Banks that offered payment deferrals to borrowers struggling through the coronavirus pandemic now face one key question: How many of these borrowers will make it through, and how many will default? The answer will determine the level of loan losses that U.S. banks ultimately have to absorb during the current credit cycle.
Second-quarter earnings reports will begin to provide some perspective, although analysts say it could be many months before there is full visibility.
Policymakers have encouraged banks to help customers hurt by the pandemic, and payments have been temporarily suspended on perhaps 7% of loan balances across the industry. Many deferrals involve fixed six-month or three-month periods, with the latter past or nearing expiration on the earliest forbearances. Tens of thousands of businesses have likely already closed permanently amid disruptions caused by COVID-19 and efforts to slow its spread.
Gary Tenner, an analyst for D.A. Davidson, said banks will probably conclude that some business borrowers have been irreparably damaged, and that some loans are not viable, as the end of initial deferral periods approach. However, he expects that the bulk of charge-offs will not register until the fourth quarter and into 2021.
"There's going to be probably some discovery towards the tail end of this deferral window," he said. But "there's probably going to be some lag to some of the discovery of those kind of situations." Moreover, longer deferral periods and extensions of expired ones will push off recognition of losses, Tenner said.
Timothy Coffey, an analyst with Janney Montgomery Scott, expects that second-quarter results will begin to indicate the bigger deferral picture. "I don't expect we're going to have a perfect view on how many of the deferred or modified loans are potential charge-offs," he said. "The tells will be: who have the banks decided to charge off right now? What percentage of modifications are those? What percentage of modified loans have been granted an additional 90 days?"
Overall, analysts anticipate that median charge-offs as a percentage of loans will jump 16 basis points from the first quarter to 53 basis points among a group of banks with more than $50 billion of assets, after registering no increase in the previous quarter. Consensus forecasts expect the increase to accelerate in the third quarter, and reach 1.06% in the fourth quarter and remain elevated into 2021. The pattern is roughly similar for smaller banks, with charge-off rates progressively ratcheting higher starting in the second quarter, though staying at lower levels than at large banks.
Loss provisions surged in the first quarter as the economic threat posed by the pandemic, and the prospect of massive amounts of delinquencies and defaults, came into focus. Analysts generally expect even bigger provisions in the second quarter — Wells Fargo & Co. said its allowance build would be "substantially higher" — as banks seek to establish reserves for lifetime losses under current expected credit loss accounting.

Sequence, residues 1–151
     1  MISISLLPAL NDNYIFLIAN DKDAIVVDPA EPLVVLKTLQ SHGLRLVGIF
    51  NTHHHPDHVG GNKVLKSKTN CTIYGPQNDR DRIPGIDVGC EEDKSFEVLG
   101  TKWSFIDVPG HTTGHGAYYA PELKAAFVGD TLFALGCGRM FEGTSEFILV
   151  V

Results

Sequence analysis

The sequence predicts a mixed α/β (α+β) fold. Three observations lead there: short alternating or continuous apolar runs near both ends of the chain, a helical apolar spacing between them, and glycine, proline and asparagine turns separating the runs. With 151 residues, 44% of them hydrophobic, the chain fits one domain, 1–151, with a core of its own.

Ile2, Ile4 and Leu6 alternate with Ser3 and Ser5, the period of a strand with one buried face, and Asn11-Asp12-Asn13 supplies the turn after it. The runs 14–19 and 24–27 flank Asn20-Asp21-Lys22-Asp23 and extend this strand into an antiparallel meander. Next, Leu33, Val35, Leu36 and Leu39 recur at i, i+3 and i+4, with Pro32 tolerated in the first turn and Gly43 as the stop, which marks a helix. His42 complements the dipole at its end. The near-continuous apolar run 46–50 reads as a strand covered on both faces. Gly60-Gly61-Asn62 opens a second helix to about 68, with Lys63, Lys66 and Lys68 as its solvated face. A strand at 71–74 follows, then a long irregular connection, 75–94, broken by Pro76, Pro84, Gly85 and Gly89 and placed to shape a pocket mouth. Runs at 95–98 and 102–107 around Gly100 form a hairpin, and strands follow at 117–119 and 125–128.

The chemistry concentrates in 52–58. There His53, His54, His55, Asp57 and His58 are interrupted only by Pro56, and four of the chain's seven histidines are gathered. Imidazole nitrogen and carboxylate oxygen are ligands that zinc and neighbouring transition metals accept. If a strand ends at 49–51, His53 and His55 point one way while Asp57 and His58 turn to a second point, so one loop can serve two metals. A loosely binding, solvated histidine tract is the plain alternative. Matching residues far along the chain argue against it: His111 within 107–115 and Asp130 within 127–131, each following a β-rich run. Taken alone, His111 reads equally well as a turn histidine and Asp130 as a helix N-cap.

Reserving will accelerate as the nation's largest banks strive "to put questions about loss coverage behind them," Keefe Bruyette & Woods analyst Brian Kleinhanzl said in a June 30 note. For large regional banks, KBW analyst Brian Klock wrote in another note that he expects the bulk of the provisioning and reserve building to occur in the second quarter.
Consensus forecasts anticipate that provisions will remain high through at least the first quarter of 2021, although provisions would increasingly be devoted to replenishing reserves drained by charge-offs if analyst forecasts are accurate.
Some banks have already said that compensating for depletion from charge-offs will be a substantial component of second-quarter provisions.
In a presentation June 24, Banner Corp. said that "loss emergence has been light" in the second quarter, and "centered on small balance commercial loans." Nevertheless, the bank, which has $12.78 billion in assets, forecast charge-offs and impairments of $5 million to $7 million in the second quarter, a big jump from the first quarter, when recoveries exceeded gross charge-offs by $404,000.
Overall, Banner projected a second-quarter loss provision between $27 million and $36 million, up from $23.5 million in the first quarter. Management attributed $14 million to $17 million of the anticipated provision to downgrades in loan risk ratings, concentrated among loans that have been granted deferrals and extended to borrowers in sectors suffering first-order effects from the pandemic, such as restaurants and hotels.
Coffey said that Banner "is an example of a bank that's already being proactive in preparing for what they think could be sizable charge-offs later this year."
Analysts also say they expect the performance of loans with payment deferrals to depend in part on different approaches to modifications, with "some banks providing much more in the way of blanket deferrals, just for the asking, versus other banks that have pushed back much more on those requests," according to Tenner.
"I could make an argument for both approaches," Tenner added. Banks that have insisted on more collateral and upfront payments may be wise to have sought the additional protection. But for customers that are able to recover strongly, "a more generous level of approval of deferrals gets you through potentially this down period and perhaps saves a lot of those customers and businesses. And, over time, also reduces your losses."
Ultimately, credit costs remain dependent on the course of the pandemic, and how far new outbreaks go in choking off early signs of a fast rebound in economic activity.
"We don't know and the banks don't know," Coffey said.